G. Crouzet (*) Department of History, University of Warwick, Coventry, UK © The Author(s) 2019 J. R. Fichter (ed.), British and French Colonialism in Africa, Asia and the Middle East, Cambridge Imperial and Post-Colonial Studies Series,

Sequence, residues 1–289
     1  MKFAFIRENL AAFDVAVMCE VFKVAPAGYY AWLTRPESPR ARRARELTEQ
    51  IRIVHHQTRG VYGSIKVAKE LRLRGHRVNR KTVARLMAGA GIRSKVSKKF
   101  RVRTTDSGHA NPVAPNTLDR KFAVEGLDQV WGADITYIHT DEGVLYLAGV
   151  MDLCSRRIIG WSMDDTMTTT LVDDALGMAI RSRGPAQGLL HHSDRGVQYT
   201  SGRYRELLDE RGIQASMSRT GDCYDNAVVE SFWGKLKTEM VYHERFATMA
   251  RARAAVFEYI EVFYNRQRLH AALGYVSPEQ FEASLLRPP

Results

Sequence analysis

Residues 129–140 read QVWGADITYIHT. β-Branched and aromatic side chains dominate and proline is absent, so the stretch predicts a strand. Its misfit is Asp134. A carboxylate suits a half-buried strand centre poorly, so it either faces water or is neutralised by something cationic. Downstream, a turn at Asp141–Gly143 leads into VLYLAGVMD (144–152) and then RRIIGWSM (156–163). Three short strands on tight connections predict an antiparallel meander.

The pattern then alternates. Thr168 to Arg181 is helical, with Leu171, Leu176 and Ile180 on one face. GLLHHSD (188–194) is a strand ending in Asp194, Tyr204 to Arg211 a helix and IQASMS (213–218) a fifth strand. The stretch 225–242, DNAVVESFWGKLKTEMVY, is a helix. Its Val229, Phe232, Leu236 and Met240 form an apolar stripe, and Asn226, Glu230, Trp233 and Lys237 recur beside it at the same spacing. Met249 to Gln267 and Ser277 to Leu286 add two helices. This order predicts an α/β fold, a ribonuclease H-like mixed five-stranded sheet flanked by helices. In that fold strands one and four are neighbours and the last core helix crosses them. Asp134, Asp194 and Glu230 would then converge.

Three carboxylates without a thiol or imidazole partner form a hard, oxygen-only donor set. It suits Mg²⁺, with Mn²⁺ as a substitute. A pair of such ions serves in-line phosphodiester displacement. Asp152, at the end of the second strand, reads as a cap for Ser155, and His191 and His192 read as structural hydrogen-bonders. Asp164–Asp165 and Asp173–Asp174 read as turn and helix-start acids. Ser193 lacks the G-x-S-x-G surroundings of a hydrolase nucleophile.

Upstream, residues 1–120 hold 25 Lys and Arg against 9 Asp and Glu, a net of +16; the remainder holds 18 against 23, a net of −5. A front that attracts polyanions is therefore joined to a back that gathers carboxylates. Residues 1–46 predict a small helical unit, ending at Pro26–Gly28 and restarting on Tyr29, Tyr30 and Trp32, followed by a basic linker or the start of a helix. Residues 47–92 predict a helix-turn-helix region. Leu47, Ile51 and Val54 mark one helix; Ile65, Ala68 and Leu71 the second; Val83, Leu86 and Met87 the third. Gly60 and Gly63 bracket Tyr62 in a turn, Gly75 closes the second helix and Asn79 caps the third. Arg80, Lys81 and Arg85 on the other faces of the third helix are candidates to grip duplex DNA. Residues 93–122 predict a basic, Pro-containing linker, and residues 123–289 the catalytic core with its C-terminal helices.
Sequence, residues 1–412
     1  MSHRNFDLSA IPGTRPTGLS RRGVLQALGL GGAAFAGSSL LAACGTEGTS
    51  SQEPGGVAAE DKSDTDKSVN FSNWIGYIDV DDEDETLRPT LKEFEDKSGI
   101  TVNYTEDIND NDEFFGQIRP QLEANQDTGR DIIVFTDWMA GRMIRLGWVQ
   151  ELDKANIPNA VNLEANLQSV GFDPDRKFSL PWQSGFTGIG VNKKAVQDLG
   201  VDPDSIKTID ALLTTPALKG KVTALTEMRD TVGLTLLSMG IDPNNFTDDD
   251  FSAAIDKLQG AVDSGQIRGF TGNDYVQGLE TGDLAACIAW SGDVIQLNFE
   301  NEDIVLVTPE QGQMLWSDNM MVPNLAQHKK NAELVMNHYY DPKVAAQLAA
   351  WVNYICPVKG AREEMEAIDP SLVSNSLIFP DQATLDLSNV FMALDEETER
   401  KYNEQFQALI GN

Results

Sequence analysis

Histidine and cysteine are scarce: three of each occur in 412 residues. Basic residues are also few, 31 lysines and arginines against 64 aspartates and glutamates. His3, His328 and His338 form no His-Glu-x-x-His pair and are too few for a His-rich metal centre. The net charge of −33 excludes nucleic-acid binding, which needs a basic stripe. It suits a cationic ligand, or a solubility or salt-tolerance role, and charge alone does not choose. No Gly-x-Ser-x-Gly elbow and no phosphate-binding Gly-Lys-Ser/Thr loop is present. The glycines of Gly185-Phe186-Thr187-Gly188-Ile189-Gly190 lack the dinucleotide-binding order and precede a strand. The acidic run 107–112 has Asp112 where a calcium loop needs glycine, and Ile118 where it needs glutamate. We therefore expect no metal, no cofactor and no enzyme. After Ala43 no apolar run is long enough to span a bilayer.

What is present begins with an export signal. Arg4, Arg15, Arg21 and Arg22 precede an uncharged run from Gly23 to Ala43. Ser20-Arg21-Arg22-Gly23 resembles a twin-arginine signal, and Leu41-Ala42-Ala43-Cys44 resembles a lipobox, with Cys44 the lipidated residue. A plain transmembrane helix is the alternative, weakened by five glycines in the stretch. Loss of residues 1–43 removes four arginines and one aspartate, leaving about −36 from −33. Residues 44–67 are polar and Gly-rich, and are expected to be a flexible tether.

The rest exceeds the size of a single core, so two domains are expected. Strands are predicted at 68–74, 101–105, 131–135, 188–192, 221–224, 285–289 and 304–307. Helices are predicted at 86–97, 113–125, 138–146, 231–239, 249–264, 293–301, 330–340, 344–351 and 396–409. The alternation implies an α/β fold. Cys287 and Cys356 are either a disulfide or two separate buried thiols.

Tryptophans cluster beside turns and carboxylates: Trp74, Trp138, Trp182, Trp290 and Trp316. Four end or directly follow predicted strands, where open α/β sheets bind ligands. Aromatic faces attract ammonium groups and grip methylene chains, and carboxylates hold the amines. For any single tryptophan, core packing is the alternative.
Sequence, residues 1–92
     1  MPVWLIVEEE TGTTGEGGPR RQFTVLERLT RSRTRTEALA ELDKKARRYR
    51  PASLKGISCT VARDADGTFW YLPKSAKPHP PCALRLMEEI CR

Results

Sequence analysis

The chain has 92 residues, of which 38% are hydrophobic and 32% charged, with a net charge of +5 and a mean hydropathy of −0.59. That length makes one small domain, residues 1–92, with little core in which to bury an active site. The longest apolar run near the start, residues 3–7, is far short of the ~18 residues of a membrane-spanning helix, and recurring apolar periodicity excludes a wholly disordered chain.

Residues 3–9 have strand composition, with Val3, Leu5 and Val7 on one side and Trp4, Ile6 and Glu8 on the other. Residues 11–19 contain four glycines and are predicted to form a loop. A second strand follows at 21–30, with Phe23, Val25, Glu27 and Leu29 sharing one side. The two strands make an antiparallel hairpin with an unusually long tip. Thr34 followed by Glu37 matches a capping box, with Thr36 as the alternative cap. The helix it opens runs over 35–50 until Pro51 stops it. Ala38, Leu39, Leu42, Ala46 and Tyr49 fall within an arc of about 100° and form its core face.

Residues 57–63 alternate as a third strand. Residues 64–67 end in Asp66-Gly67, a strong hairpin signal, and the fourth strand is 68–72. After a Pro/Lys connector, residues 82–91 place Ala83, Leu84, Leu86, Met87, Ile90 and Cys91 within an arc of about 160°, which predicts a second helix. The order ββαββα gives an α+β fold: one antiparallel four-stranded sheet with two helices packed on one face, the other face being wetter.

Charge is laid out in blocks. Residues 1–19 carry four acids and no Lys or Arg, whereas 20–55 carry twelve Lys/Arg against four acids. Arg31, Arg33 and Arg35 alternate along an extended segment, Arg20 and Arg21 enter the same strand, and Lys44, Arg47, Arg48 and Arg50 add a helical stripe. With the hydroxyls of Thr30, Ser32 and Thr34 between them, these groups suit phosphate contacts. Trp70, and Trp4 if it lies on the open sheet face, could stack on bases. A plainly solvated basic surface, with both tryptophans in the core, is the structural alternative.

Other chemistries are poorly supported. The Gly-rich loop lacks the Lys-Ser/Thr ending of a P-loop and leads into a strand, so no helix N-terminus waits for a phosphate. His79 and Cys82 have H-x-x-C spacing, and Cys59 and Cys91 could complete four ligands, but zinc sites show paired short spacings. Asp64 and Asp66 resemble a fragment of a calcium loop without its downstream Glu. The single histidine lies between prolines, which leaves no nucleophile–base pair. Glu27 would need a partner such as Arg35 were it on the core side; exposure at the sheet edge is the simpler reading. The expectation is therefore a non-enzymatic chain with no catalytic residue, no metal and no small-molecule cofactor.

Great Britain and India.2 One year after the signature of the Entente Cordiale, Franco-British rivalry in Oman seemed a long way from pacified. In their recent work, Martin Thomas and Richard Toye develop the notion of “co-imperialism” concerning the imperial relationship between France and Great Britain from the 1890s on, emphasizing not only the ebbing tension between these two traditional “enemies,” but also the development of collaboration and human, intellectual, and economic circulation between the French and British empires.3 Thus, well before the signing of the Entente Cordiale between Paris and London in 1904, which included several clauses bearing on colonial territories, there would have been an imperial rapprochement between France and Great Britain. Thomas and Toye nevertheless added a slight restriction to their general thesis, pointing out that this collaboration “remained less apparent in Northern Africa and Western Asia.”4 In the light of the coaling-station affair that took place in Oman in 1904, the present chapter will argue that, contrary to Thomas and Toye, France and Great Britain almost went to war in Western Asia and particularly the Persian Gulf5 just as the Entente agreements were on the verge of being signed. The coaling-station affair was an imperial flashpoint, a second “Fashoda,” and a perfect illustration of the fact that in the age of the New Imperialism, France and Great Britain were far from collaborating in Western Asia, a region hotly contested by European powers. The incident bears witness to the absence of coimperialism. France and Britain did not cooperate in Oman or corule the sultanate, despite the signature of mutual agreements in the late 1840s regarding the safeguarding of Oman’s independence. Oman was a site of imperial rivalry between France and Britain. The coal-station incident also highlights the wide autonomy enjoyed by the British Indian Empire, which attempted to directly influence negotiations over the Entente Cordiale. Based on records of Whitehall and the government of India, this chapter argues that Britain’s intransigent policy toward France was based on an imagined French threat to India and its strategic borderland, the Persian 2  Concerning the person of Goguyer, see Guillemette Crouzet, Genèses du Moyen-Orient: Le golfe Persique à l’âge des impérialismes (c.1800–c.1914) (Ceyzérieux: Champvallon 2015). 3  Martin Thomas and Richard Toye, eds., Arguing about Empire: Imperial Rhetoric in Britain and France, 1882–1956 (Oxford: Oxford University Press, 2017). 4  Thomas and Toye, Arguing about Empire, 4. 5  John B. Kelly, Britain and the Persian Gulf, 1795–1880 (Oxford: Clarendon Press 1968).